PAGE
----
Representatives of Iraq’s government are hedging their bets on America’s political future, hoping to keep U.S. support for their country strong by building ties with a Democratic Party that now controls Congress and is closely scrutinizing President Bush’s Iraq policy.
“There’s a decision to be in contact, find out what they want, what their concerns are and to tell them of our concerns as well,” said Ali Adeeb, a Shiite lawmaker and close associate of Prime Minister Nouri Maliki.
Republicans have dominated Iraq policy since the U.S.-led invasion in 2003. Many of the first U.S. officials in Iraq were handpicked party activists.
In one sense, the Nov. 7 election that handed Democrats control of Congress changed little, even though it was largely viewed as a repudiation of the White House’s Iraq policy. The State and Defense departments are still the primary instruments of policy in Iraq.
A top government official close to House Speaker Nancy Pelosi (D-San Francisco), who ended a brief visit to Iraq on Saturday, said the Bush administration remains the final arbiter of decisions on how much continued U.S. military and financial support the Iraqis receive.
But the election that changed the political dynamic in Washington also altered the rules of the game here. Iraqi leaders studied and discussed the possibility of a Democratic takeover for months before the vote. They concluded early that even the most staunchly antiwar Democrats would not abandon Iraq. In heated discussions, lawmakers reminded one another that it was Democratic President Clinton who signed the 1998 Iraq Liberation Act, which funded the opposition movements now in power.
The Shiite Muslim leadership has informally recommended to ministerial and parliamentary delegations heading to Washington that they cultivate closer relationships with Democrats as well as Republicans.
“They have to see people from both sides, because they are both taking part in the administration of the country,” Adeeb said. “Whoever is a decision-maker in America, we have to have relations with.”
Many pointed out advantages to the Democrats’ increased sway over Iraq policy. Government officials said they had generally found the Democratic position on handing over security to Iraqi forces sooner rather than later closer to theirs. Almost all agree on Democratic Party initiatives, squashed when Republicans controlled Congress, to prevent the building of permanent U.S. bases here. They note news reports of Democrats acknowledging the suffering of the Iraqi population.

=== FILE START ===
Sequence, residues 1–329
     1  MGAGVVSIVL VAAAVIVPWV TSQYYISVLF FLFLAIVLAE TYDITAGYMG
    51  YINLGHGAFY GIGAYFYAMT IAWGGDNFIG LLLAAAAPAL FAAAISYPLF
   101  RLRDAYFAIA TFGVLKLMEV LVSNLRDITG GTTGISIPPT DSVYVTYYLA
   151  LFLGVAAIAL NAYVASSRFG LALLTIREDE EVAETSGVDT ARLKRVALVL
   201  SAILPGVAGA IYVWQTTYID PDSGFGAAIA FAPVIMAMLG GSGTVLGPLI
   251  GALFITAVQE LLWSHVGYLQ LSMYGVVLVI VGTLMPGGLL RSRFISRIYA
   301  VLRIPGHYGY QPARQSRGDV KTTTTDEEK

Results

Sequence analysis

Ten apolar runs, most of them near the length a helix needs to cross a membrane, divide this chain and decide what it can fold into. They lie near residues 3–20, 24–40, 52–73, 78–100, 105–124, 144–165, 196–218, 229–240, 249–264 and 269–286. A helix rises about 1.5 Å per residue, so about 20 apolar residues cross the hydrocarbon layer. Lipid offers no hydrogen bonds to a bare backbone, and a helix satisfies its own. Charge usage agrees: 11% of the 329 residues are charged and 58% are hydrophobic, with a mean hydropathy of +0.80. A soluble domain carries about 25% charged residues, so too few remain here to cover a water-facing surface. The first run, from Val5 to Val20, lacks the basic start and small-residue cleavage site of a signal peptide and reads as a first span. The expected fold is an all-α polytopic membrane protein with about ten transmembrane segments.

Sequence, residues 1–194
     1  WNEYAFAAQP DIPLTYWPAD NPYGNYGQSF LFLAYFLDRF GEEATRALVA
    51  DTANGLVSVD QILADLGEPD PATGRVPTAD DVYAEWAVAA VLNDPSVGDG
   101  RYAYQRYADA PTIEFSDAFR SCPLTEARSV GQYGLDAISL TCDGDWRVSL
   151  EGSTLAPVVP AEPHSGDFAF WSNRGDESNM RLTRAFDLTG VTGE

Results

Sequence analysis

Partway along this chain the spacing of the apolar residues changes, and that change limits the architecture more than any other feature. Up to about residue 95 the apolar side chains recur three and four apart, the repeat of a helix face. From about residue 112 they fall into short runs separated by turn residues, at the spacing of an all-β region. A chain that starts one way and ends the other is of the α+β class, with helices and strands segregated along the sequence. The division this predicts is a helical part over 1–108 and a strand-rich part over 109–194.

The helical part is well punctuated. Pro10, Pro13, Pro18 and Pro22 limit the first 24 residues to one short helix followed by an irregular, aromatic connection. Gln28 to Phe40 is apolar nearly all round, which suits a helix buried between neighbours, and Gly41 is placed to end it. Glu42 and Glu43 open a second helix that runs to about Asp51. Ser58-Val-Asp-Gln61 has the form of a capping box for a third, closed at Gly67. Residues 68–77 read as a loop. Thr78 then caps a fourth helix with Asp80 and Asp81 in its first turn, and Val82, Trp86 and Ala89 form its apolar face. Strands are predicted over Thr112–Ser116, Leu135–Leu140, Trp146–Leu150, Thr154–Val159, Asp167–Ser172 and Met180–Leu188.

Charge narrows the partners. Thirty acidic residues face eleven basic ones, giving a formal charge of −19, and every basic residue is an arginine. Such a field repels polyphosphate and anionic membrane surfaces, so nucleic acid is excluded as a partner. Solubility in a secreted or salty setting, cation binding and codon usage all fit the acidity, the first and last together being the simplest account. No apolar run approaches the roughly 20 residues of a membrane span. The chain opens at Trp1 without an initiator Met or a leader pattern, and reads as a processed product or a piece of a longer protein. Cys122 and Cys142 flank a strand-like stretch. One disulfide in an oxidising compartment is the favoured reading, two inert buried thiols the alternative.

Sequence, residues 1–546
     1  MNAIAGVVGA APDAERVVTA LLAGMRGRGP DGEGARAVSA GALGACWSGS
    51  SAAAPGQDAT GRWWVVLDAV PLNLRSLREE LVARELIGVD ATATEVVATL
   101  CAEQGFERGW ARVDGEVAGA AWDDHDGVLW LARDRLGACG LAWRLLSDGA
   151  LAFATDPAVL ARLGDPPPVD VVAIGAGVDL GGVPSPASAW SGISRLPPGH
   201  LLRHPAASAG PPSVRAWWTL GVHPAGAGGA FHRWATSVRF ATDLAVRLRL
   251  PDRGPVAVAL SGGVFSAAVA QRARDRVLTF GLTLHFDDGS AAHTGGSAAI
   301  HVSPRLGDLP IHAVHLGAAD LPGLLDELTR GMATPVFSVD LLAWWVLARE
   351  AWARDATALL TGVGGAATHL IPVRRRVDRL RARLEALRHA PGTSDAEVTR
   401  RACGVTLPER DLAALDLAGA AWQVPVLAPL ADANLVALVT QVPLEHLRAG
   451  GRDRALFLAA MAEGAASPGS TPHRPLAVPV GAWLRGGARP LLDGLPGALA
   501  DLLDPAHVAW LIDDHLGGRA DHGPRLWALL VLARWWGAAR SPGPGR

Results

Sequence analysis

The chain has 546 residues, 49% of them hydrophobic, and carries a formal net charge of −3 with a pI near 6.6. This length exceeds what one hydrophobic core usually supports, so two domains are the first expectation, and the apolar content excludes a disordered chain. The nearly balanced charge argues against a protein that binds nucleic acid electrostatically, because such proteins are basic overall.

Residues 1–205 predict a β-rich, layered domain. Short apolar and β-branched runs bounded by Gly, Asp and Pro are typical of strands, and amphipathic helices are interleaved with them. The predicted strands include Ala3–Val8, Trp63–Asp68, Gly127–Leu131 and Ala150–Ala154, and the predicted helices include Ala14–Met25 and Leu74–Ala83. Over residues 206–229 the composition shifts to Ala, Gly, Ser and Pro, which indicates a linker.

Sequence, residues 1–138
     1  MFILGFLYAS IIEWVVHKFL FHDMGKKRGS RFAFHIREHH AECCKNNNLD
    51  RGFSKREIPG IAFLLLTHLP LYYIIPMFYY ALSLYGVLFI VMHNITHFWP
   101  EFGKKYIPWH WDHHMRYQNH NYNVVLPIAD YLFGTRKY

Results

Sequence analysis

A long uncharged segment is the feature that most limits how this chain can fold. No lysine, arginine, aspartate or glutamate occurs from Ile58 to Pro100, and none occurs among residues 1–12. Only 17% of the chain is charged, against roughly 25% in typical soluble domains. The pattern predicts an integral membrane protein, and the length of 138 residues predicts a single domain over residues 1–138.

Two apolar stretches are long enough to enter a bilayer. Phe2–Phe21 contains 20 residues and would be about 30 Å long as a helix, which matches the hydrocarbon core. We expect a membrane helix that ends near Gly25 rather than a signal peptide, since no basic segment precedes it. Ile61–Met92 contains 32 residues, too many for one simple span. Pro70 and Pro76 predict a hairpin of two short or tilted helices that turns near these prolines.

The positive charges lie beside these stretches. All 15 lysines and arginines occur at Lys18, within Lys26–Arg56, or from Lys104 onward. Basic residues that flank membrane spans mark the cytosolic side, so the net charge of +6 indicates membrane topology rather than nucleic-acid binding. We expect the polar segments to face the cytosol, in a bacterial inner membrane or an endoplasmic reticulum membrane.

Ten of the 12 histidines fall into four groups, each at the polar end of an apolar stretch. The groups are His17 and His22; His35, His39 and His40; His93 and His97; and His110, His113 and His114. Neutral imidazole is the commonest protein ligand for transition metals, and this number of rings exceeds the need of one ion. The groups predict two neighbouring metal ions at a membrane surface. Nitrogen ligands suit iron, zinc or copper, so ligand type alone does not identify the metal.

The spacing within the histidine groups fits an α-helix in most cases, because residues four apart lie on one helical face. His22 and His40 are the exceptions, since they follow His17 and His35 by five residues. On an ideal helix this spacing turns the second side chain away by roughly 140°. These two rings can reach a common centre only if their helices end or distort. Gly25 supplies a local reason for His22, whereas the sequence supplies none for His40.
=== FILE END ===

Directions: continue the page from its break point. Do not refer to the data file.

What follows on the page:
“I see that the Democratic ideas are more related to reality,” said Ammar Tuma, a lawmaker who serves in Maliki’s ruling Shiite coalition. “They talk about the real problems that the Iraqis are facing every day.”
To date, government officials said, they’ve also found Democratic visitors such as Pelosi, Sen. Hillary Rodham Clinton of New York and Sen. Barack Obama of Illinois less parochial, more culturally sensitive and more willing to listen to Iraqi concerns than Republicans.
“Before, Bush used to order Iraqi officials to do this and that,” said one member of Maliki’s Islamic Dawa Party, who spoke on condition of anonymity. “The Republicans were dictating the political process in Iraq. With the Democrats in control of Congress, the Republicans are now less influential than before. It helps us in a sense to breathe a bit more and to have more freedom.”
Many of the Shiites around Maliki still harbor bitterness about the Bush administration’s push to remove then-interim Prime Minister Ibrahim Jafari from his post last year. They considered the pressure inappropriate interference in Iraq’s domestic affairs. They were also angered by recent remarks by Bush and Secretary of State Condoleezza Rice questioning whether Maliki was up to the job of leading Iraq.
The Republican Party’s election drubbing not only elevated Democrats, but also emboldened Maliki, who has begun criticizing the American president almost as much as Bush’s deputies criticized him.
“I understand and realize that inside the American administration there is some kind of a crisis situation, especially after the results of the last election,” he told reporters this month.
“It’s more balanced now,” said the Dawa Party member who asked not to be named. “What we’re seeing is Mr. Maliki criticizing Bush. You didn’t have that before.”
After weeks of icy relations and criticism, including a televised interview in which Bush faulted Maliki for the way the execution of ousted dictator Saddam Hussein was handled, the two men spoke Saturday by phone. It was the first time they had talked since Bush outlined his new Iraq policy. It was also the day Pelosi and a delegation of lawmakers wrapped up meetings with Iraqi officials.
“Now it’s different because [the Democrats] have some decision-making power,” said Farooq Abdullah, a Maliki advisor. “Before, we were meeting mostly with the Republicans because they were the ones in power. Now we’re meeting with both of them.”
Times staff writer Richard Serrano in Washington contributed to this report.